Labour to scrap business rates if elected, Rachel Reeves says

0
Labour Party leader Keir Starmer (C), Shadow Chancellor Rachel Reeves (R) and Peter Kyle (L), Labour's MP for Hove an Portslade chat over a cup of tea during a visit to local businesses in Hove, west of Brighton on the second day of the annual Labour Party conference in Brighton, on the south coast of England on September 26, 2021. (Photo by JUSTIN TALLIS/AFP via Getty Images)

Shadow Chancellor Rachel Reeves on Sunday said Labour will cut, before entirely scrapping business rates once elected into power. She proposed a new system of business taxation fit for the 21st century to replace the present rates system.

Speaking at the annual Labour conference in Brighton, Reeves said the party would shift the burden of business taxes to create a level playing field, slamming the current system as one that punishes investment, entrepreneurships and the high street.

“We will carry out the biggest overhaul of business taxation in a generation, so our businesses can lead the pack, not watch opportunities go elsewhere,” she said.

“And here is our guarantee: the system we replace it with will incentivise investment, feature more frequent revaluations, and instant reductions in bills where property values fall, reward businesses that move into empty premises, encourage, not penalise, green improvements to businesses, and no public services or local authorities will lose out from these changes.”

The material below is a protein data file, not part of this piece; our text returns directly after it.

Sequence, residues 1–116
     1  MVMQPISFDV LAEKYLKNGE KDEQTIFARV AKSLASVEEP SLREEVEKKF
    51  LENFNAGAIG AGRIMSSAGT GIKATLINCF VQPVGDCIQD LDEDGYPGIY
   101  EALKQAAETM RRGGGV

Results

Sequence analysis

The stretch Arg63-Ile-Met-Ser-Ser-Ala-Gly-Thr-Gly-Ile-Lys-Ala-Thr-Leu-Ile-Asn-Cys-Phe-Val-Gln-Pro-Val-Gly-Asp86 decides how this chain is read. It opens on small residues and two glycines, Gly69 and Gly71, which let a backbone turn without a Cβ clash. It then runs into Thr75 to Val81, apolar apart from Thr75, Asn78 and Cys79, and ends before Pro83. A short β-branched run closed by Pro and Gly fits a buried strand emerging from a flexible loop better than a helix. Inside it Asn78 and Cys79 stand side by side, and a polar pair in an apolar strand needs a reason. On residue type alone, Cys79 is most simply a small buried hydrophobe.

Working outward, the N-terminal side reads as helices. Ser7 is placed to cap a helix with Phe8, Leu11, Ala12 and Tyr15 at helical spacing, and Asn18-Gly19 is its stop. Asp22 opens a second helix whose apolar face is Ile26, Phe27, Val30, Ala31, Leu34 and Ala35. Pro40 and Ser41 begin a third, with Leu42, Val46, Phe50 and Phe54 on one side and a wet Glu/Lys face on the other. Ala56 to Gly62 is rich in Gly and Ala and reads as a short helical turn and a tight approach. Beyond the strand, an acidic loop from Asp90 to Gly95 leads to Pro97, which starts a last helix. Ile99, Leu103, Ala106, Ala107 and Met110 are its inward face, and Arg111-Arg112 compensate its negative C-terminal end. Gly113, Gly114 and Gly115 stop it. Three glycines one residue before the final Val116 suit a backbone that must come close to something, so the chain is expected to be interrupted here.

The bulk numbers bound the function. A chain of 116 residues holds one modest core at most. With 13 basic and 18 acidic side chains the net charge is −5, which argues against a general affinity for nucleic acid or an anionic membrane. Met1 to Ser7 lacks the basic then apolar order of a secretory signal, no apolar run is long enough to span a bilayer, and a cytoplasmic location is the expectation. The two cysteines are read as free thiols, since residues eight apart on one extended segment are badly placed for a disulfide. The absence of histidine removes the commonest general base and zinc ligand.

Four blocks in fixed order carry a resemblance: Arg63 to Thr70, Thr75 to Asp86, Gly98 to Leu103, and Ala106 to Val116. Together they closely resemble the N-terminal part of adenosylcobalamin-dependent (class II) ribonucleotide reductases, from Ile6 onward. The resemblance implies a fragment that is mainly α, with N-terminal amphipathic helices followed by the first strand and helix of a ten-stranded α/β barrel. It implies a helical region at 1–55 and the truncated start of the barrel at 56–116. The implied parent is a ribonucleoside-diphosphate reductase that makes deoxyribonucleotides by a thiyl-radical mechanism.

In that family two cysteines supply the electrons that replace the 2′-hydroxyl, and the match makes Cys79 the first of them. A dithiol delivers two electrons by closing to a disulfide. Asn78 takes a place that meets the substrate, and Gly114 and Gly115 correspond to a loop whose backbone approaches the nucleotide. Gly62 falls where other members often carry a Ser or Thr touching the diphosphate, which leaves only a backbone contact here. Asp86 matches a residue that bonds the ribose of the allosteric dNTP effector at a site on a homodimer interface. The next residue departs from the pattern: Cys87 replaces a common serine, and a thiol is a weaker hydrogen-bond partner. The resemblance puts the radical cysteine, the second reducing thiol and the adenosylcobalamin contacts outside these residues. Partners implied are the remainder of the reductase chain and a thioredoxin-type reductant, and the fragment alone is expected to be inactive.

Reeves, a former Bank of England economist, has also announces the party will undertake a major review of existing tax reliefs, scrapping those that don’t benefit the taxpayer or the economy.

“There are hundreds of different tax breaks in the system. Some are important but too many simply provide loopholes for those who can afford the best advice,” she said “We will look at every single tax break. If it doesn’t deliver for the taxpayer or for the economy then we will scrap it.”

Reeves also hinted at new taxes on wealth, identifying landlords and shareholders as possible targets if it won power at the next election.

“I do think that people who get their income through wealth should have to pay more,” Reeves told the Sunday Times, specifying “people who get their incomes through stocks and shares and buy-to-let properties”.

Prime Minister Boris Johnson is two years into what could be a five year term, after winning over many traditional Labour voters at the last election with a focus on finishing Brexit.

But the Covid-19 panic has forced his centre-right government to rapidly increase government spending and rack up debts that are likely to take generations to pay off.

A Labour government would look to shift that burden further towards the wealthy, Reeves said.

“We should use the tax system to ask those with the broader shoulders to contribute more,” she added.

Reeves also sketched out a set of fiscal rules that would govern Labour’s broad approach to public finances, including a commitment to reduce the debt to GDP ratio and balance day-to-day spending, albeit with new borrowing for capital investment.